Emerald Ash Borer Threatens Ash Trees

 

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This ash tree is in danger from the emerald ash borer.

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They are part of our forests, parks, yards, and city streets.  Or at least they have

been.  But ash trees are now under serious threat from an invasive beetle called the

emerald ash borer (Agrilus planipennis).   It is native to Eastern Russia, northern China,

Japan, and Korea.   The adults are bright green with somewhat darker wings.  They infest

all types of ash trees.   The adults feed on the ash leaves but cause little defoliation.  They

lay their eggs between the bark crevices.  Under the bark is a layer of tissue called the

phloem.  Beneath that is the cambium and under that is the xylem.  The larvae chew

through the inner bark, phloem, cambium, and outer xylem to create long serpentine

galleries.  This disrupts the nutrient and water flow, which starves the tree.  In the fall

they excavate chambers  and overwinter in the outer bark.  In the spring the adults chew

a D-shaped exit hole.

According to http://www.emeraldashborer.info, the beetle is found in over 30 states

and 5 Canadian provinces.   It has caused quarantines in multilple states, cost millions in

removal, and killed millions of trees in North America.

Gwen Kozlowski, the Education Coordinator for the University of Vermont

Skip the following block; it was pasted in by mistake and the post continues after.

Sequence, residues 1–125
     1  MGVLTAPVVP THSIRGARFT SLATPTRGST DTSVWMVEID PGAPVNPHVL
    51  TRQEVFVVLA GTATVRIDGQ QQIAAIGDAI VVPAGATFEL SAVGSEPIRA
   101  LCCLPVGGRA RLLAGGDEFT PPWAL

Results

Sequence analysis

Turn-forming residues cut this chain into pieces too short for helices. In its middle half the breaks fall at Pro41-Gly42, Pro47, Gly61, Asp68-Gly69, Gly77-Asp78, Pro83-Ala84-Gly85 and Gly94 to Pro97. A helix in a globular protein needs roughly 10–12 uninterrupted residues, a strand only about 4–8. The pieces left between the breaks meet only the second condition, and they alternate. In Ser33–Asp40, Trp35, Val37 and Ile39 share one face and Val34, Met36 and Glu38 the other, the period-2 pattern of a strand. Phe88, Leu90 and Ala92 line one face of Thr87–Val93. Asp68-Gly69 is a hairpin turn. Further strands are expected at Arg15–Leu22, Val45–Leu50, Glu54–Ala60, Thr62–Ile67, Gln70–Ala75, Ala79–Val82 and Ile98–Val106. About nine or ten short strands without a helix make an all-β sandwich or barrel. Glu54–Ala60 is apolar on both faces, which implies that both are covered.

Extension,  said that 99% of infested trees will die.  Ecosystems will adapt and change,

but there will still be a “significant effect.”   She also said that woodpeckers and the

cerceris wap have been preying on the larve, but it has not been enough to make dent in

the population.

There are two primary control methods for the emerald ash borer.   One is

insecticide and the other is the release of parasitoid wasps that prey on them in their

native range.  In 2007, three of these were released in southern Michigan.   One, Oobius

agrili,  feeds on the eggs  and the other two, Tetrastichus planipennisi and Spathius agrili

feed on the larvae.   In 2015 a fourth one, Spathius galinae, was approved  because S.

agrili did not establish in northern regions.   According to http://www.nrs.fs.fed.us, there have

been “encouraging results,” with reductions in emerald ash borer populations being

correlated with wasp releases.    Kozlowski said  Vermont was  considering  releasing

these wasps in the next two years.

In addition, Kozlowski said insecticide is also being used to counter the spread

in North America, though that takes a yearly application and can be costly.  She also said

this is only effective if the infestation is within 10-15 miles.  She said the insecticide has

proved effective, though there are always some risks.

Kozlowski said the long term plan is to slow the spread as eradication is not

considered a realistic option at this point.   States were formerly getting federal funding

to combat the emerald ash borer, but that funding has decreased.  If people see a tree

they think is infested,  it should be reported to Vermont Invasives or, if not in Vermont,

the  appropriate state agency.

 

COMING IN TWO WEEKS:  HOW TO IDENTIFY BOTH ASH TREES AND SIGNS OF

INFESTATION 

 

 

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